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      Serum Neutrophil Gelatinase-Associated Lipocalin Levels and Aortic Stiffness in Noncritical Coronary Artery Disease

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          Abstract

          Aim: The aim of this study was to establish the degree of aortic stiffness and levels of neutrophil gelatinase-associated lipocalin (NGAL) in patients with stable ischemic heart disease. Materials and Methods: Patients who were found to have stable, noncritical lesions on coronary angiography were included in the study [noncritical coronary artery disease (CAD)]. The control group consisted of those patients who had similar risk profiles and metabolic parameters without atherosclerosis on angiography. Results: A total of 101 patients were included in the study of which 56 had noncritical CAD. Whereas the aortic strain (9.11 ± 3.4 vs. 14.01 ± 4.1%, p < 0.001) and aortic distensibility (3.98 ± 1.9 10<sup>-6</sup> cm<sup>2</sup>/dyn vs. 6.33 ± 2.3 10<sup>-6</sup> cm<sup>2</sup>/dyn, p < 0.001) were lower in the noncritical CAD group, the aortic stiffness index was higher (6.34 ± 3.9 vs. 3.37 ± 2.4, p < 0.001) as compared to controls. Serum NGAL levels were higher in the noncritical CAD group (79.29 ± 38.8 vs. 48.05 ± 21.4 ng/ml, p < 0.001). NGAL levels were negatively correlated with aortic strain (p < 0.01, r = 0.57) and distensibility (p < 0.001, r = 0.62), but positively correlated with the aortic stiffness index (p < 0.001, r = 0.72). Conclusion: We show that in patients with noncritical CAD, the degree of aortic stiffness and NGAL levels are higher. These markers can be used as tools for further risk stratification of patients with noncritical CAD.

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          Most cited references 23

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          Paradoxical vasoconstriction induced by acetylcholine in atherosclerotic coronary arteries.

           L Ludmer,  R Wayne,  G Mudge (1986)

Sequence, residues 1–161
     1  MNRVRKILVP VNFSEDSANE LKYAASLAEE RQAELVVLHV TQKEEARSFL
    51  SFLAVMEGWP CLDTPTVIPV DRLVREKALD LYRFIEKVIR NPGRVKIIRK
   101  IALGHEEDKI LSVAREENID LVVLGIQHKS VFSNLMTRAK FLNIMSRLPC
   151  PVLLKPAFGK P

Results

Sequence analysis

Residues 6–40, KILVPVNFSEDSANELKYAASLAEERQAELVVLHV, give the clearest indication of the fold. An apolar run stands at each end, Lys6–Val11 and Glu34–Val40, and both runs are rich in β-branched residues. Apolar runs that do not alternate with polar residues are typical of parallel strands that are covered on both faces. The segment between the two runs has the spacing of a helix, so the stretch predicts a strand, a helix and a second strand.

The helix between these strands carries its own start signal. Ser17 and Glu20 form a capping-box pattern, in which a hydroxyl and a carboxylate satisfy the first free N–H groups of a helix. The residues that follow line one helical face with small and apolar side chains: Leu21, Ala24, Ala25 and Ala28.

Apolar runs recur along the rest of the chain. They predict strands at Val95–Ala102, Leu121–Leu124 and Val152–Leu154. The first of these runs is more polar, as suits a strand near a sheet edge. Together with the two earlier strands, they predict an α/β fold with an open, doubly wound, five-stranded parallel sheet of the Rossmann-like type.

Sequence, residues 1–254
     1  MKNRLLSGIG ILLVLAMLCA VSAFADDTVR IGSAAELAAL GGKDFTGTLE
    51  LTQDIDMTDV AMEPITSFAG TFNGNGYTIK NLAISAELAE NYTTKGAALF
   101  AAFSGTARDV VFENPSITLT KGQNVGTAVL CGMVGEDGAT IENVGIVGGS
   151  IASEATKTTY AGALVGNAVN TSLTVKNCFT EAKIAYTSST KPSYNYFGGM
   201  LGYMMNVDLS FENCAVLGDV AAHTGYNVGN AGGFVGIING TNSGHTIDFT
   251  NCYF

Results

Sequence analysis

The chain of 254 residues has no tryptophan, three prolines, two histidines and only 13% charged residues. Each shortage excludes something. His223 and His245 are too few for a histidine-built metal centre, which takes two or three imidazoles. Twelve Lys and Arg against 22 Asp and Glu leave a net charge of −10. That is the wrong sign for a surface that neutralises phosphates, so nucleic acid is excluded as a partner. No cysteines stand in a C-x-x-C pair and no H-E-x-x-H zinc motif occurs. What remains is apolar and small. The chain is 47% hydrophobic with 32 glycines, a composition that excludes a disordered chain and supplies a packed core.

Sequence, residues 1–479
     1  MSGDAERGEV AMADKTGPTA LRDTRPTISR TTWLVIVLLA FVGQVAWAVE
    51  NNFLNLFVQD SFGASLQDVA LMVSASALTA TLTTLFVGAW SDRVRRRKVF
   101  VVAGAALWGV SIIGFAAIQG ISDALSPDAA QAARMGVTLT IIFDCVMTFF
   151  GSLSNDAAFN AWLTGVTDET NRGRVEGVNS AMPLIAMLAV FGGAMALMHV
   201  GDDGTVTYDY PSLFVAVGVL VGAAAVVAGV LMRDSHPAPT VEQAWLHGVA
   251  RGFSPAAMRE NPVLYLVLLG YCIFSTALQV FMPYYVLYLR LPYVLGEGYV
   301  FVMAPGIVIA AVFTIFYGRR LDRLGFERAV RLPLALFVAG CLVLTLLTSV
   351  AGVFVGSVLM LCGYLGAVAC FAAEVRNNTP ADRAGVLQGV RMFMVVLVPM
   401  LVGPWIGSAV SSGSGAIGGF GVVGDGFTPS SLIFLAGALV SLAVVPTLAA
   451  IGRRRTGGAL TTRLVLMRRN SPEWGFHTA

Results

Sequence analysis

Acetylcholine is believed to dilate normal blood vessels by promoting the release of a vasorelaxant substance from the endothelium (endothelium-derived relaxing factor). By contrast, if the endothelium is removed experimentally, acetylcholine constricts blood vessels. We tested the hypothesis that muscarinic cholinergic vasodilation is impaired in coronary atherosclerosis. Graded concentrations of acetylcholine and, for comparison, the nonendothelial-dependent vasodilator nitroglycerin were infused into the left anterior descending artery of eight patients with advanced coronary stenoses (greater than 50 percent narrowing), four subjects with angiographically normal coronary arteries, and six patients with mild coronary atherosclerosis (less than 20 percent narrowing). Vascular responses were evaluated by quantitative angiography. In several segments each of four normal coronary arteries, acetylcholine caused a dose-dependent dilation from a control diameter of 1.94 +/- 0.16 mm to 2.16 +/- 0.15 mm with the maximal acetylcholine dose (P less than 0.01). In contrast, all eight of the arteries with advanced stenoses showed dose-dependent constriction, from 1.05 +/- 0.05 to 0.32 +/- 0.16 mm at the highest concentration of acetylcholine (P less than 0.01), with temporary occlusion in five. Five of six vessels with minimal disease also constricted in response to acetylcholine. All vessels dilated in response to nitroglycerin, however. We conclude that paradoxical vasoconstriction induced by acetylcholine occurs early as well as late in the course of coronary atherosclerosis. Our preliminary findings suggest that the abnormal vascular response to acetylcholine may represent a defect in endothelial vasodilator function, and may be important in the pathogenesis of coronary vasospasm.
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            The high molecular weight urinary matrix metalloproteinase (MMP) activity is a complex of gelatinase B/MMP-9 and neutrophil gelatinase-associated lipocalin (NGAL). Modulation of MMP-9 activity by NGAL.